Chris LaLanne, grand-nephew of the late fitness guru Jack LaLanne, opened LaLanne Fitness in San Francisco back in 2008. After earning his degree in kinesiology and gaining years of experience as a personal trainer and strength & conditioning coach, he has found his own recipe for success at his own box. In fact, LaLanne Fitness qualified as a team for the Northern California regionals – an incredibly competitive region — this past Games season.
Chris shares with us about the journey of opening his own CrossFit affiliate. Not surprisingly, he leads his box by example and continues to evolve his philosophy around competition and coaching. In a city where space is at a premium, Chris’ 10,000-square foot facility is staking its claim right in the middle of SOMA.
What initially inspired you to open your own CrossFit box?
…Over the past 5 years our box has earned a reputation as the most “professional” and “competitive” CrossFit gym in San Francisco.Chris:
After fifteen years of one-on-one personal training, in 2007 I discovered CrossFit — and it changed my life personally and professionally… The group training/class concept changed my perspective, and I realized something that most personal trainers never do: that one-on-one personal training is less productive and financially less efficient. Aside from this realization, I discovered the power of community and in June of 2008 we opened LaLanne Fitness – Powered by CrossFit
in downtown San Francisco.
How have you worked to “brand” your box’s personality within the CF community?
Chris: We continue to grow, and over the past 5 years our box has earned a reputation as the most “professional” and “competitive” CrossFit gym in San Francisco. We have a solid business plan, as well as systems and best practices that support a membership of over 400 athletes. We show up at the CrossFit Games every year and finish in the top on the leader board. In addition, we produce the most competitive individual CrossFit Throwdown in the Bay Area… Don’t miss your chance to participate in 2013.
What were some of the growing pains you faced growing from an affiliate of less than 100 members to your current membership?
When it comes to coaching and programming, we are not stagnant and we continue to evolve, while staying true to the CrossFit methodology.Chris:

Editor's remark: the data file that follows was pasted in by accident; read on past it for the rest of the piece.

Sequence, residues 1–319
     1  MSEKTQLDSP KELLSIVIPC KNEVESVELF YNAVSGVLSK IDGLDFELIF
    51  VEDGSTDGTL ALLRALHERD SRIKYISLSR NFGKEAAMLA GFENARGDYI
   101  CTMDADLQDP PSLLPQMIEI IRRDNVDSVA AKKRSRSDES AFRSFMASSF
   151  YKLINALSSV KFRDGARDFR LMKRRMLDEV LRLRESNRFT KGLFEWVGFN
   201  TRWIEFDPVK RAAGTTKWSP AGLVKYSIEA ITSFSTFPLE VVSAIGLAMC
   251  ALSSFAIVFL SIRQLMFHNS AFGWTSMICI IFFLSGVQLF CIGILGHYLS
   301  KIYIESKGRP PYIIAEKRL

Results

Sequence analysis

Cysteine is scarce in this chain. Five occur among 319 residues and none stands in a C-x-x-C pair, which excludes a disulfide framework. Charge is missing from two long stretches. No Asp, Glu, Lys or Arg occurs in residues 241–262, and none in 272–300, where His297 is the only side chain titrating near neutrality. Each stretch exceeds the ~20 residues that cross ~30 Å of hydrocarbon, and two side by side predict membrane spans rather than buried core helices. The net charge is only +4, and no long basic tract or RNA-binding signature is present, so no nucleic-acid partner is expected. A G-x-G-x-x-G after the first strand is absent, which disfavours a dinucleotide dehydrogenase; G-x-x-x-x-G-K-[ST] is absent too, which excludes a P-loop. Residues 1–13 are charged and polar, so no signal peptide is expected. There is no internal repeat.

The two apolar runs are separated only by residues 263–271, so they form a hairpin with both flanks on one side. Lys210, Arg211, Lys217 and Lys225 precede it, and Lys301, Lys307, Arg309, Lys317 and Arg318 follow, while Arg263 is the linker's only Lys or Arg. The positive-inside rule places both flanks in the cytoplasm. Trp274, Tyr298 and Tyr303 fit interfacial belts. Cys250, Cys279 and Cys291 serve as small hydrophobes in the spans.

Space was the limiting factor for us and perhaps for any growing CrossFit gym. We have re-located three times in search of more space. We started with 2000 square feet, then 5000, and just recently we moved into a 10,000 square-foot warehouse.
How do you balance fatherhood and being an affiliate owner? What does a typical day in the life for you look like?
Practice what you preach. Get in the game and participate in CrossFit competitions. This is important as a leader of your community.Chris:
Fatherhood comes first. I am in love with our two-year-old boy “Jackson” and spending time with him is the highlight of my day. Most days, I drop him off at school, spend a few hours catching up to email and phone calls, then head into the gym where I love being on the floor. Maintaining client relationships and staying in touch with our members is very important for affiliate owners, and I continue to coach about 10 classes/week. My wonderful wife and partner Maribel, has built an amazing team to help run this business. When it comes to coaching and programming, we are not stagnant and we continue to evolve, while staying true to the CrossFit methodology.
What advice would you give to new gym owners for growing and building up a sense of community?
Get experience, do your research, and make a commitment to this as a career… Put 100% of your efforts into your business and be professional. Lastly, practice what you preach. Get in the game and participate in CrossFit competitions. This is important as a leader of your community.
What’s your programming philosophy for your general membership? How do you program for members who are training at a competition level?
Get experience, do your research, and make a commitment to this as a careerChris:
Programming is an ongoing experiment. It must evolve with the needs of your community. Stay open minded, look around, and continue educating yourself… You can’t go wrong with constantly varied, functional movements, executed at high intensity.
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